Simply put, IPython lets you do all sorts of really powerful stuff. It’s very popular amongst scientists and mathematicians, and has a lot of features that they seem to really appreciate. It also has a lot of features that are really useful to everyone else who uses Python.

IPython offers lots of simple hooks for you to customise and extend the way it works. Because it’s so easy to modify what IPython does, it can be quite difficult to define exactly what it is. When you first install it, you get an app that essentially boils down to an enhanced, Python, interactive interpreter. You can do all the stuff you can do in a regular, interactive session, and you can do quite a bit more.

### IPython Magic Commands

The very first feature you’ll notice is the coloured prompt, a green In [1]:. The colour’s always cool, and it’s put to good use, but IPython’s not just a pretty stack trace. A more powerful enhancement to the standard Python session is the use of Magic Commands – Python functions that you can call using a shell-like syntax. You get a bunch built in, some really clever ones, and you can easily define your own. To use a magic command, you just type its name, then any arguments, separated by a space. For example:

magicname arg0 arg1

Some of the built-in magics are there to make the Python session operate more like a conventional shell. You have cdlscp and so on. If you like to use these commands, you can just type them in as you normally would:

cd ~/scripts

If you want to use shell commands that you don’t have a magic set up for, you can just start the line with a bang and write any command that would normally work:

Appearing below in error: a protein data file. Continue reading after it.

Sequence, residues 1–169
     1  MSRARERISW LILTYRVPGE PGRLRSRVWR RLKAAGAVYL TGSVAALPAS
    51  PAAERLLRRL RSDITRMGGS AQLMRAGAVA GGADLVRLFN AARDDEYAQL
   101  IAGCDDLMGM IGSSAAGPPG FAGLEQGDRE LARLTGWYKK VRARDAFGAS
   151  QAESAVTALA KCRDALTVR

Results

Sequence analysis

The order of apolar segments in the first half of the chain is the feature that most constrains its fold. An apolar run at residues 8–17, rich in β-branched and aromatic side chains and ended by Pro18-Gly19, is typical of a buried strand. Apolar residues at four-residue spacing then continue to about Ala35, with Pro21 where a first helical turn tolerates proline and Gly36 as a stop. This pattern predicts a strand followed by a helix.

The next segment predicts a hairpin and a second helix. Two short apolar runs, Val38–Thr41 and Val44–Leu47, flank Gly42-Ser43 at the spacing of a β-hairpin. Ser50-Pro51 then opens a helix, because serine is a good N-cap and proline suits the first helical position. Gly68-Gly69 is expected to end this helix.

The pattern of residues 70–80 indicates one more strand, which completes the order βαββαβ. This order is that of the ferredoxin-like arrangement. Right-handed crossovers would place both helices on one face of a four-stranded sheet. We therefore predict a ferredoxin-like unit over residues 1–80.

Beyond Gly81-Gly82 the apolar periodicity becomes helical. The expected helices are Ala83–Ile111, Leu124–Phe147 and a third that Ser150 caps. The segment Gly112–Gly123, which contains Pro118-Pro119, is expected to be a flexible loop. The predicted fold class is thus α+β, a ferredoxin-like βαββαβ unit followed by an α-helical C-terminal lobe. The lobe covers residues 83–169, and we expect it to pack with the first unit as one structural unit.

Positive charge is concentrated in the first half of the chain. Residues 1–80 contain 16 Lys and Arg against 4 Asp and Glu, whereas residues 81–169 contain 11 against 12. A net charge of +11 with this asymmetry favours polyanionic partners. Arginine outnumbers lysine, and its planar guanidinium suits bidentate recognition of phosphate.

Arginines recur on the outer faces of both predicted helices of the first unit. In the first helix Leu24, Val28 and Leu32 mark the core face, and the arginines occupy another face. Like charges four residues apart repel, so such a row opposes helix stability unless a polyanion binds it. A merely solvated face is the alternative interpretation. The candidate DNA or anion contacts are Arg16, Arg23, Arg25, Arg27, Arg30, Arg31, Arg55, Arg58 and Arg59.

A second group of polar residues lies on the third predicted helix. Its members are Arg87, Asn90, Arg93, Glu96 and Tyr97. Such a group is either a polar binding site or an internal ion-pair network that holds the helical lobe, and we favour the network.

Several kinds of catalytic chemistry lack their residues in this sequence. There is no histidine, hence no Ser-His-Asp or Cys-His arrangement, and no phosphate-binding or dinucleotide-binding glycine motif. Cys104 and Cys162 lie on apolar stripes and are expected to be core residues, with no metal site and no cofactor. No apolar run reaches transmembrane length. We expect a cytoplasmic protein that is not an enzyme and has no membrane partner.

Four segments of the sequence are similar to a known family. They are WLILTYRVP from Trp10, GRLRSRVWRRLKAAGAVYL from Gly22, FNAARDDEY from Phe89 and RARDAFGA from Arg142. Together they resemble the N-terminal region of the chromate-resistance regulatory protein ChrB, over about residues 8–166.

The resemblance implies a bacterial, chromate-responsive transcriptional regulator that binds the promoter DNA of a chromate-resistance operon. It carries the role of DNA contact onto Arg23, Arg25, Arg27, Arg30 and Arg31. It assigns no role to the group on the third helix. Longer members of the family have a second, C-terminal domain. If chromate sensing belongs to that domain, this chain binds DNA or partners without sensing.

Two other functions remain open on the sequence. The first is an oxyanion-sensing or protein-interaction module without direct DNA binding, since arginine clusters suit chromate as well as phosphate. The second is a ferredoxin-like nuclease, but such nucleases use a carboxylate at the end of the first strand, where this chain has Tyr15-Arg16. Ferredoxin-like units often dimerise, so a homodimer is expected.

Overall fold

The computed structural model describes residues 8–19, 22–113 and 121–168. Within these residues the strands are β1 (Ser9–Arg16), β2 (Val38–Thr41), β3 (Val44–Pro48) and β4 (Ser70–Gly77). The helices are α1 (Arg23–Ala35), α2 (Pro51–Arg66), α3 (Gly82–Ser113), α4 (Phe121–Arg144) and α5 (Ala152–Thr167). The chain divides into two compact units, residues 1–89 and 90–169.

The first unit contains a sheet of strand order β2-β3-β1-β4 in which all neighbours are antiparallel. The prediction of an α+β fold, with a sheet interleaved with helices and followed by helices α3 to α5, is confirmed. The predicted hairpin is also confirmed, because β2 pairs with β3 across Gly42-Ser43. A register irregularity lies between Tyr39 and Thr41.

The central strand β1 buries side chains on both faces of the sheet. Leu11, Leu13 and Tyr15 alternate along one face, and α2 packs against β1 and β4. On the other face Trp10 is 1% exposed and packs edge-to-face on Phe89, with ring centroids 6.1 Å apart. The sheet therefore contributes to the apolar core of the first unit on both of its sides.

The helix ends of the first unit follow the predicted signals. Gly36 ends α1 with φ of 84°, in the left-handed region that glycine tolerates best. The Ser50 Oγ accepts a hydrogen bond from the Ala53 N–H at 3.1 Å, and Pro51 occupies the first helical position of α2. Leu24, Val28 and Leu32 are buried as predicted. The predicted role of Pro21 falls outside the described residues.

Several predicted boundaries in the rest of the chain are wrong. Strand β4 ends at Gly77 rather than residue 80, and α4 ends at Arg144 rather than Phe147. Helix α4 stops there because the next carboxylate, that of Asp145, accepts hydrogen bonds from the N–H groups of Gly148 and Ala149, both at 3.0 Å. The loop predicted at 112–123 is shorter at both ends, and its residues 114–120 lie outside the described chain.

!echo IPython

### Editing the IPython Namespace

One of the most useful magics, I think, is edit. If you want to write any moderately complex Python, you don’t want to do it at the command line. In IPython, rather than starting with a text editor, then running the file, as you normally would, the process is reversed: We start at the prompt and simply invoke an editor from within the session. You can use any editor you like for this, but Vim rules.

You can use edit by just entering ‘edit’ at the prompt. IPython will open your editor with an empty tempfile. When you save and exit the editor, any code you wrote is injected into the namespace.

For example, you could enter ‘edit’ at the prompt, then define a function named spam in your editor, then save the file and exit the editor, then call spam at the prompt, passing whatever arguments you like. What’s especially cool, if you later enter ‘edit spam’ at the prompt, IPython reopens whichever tempfile contains spam, so you can edit it some more.

There’s also ways to inject the contents of regular files into the same namespace. And, of course, you can save what you’ve built, using your editor’s save feature, or just writing stuff to files from the command line. There’s also a magic named store that you can use to make objects persist across sessions.

The ability to easily build a namespace interactively, developing it as you go, gives you much more freedom to explore and interact with the objects you’re creating. This approach is a natural fit for writing Python, which you’d normally develop rapidly and in very small increments.

### Configuring the IPython Interpreter

IPython has a powerful configuration system, which is pure Python itself. You can use it to create and manage any number of configurations, customising each of IPython’s features, as well as specifying code to be automatically injected into new sessions, further enhancing your ability to fully customise the way your interpreter works.

Pretty much everything is configurable, and, if you know a little Python, it’s easy to do.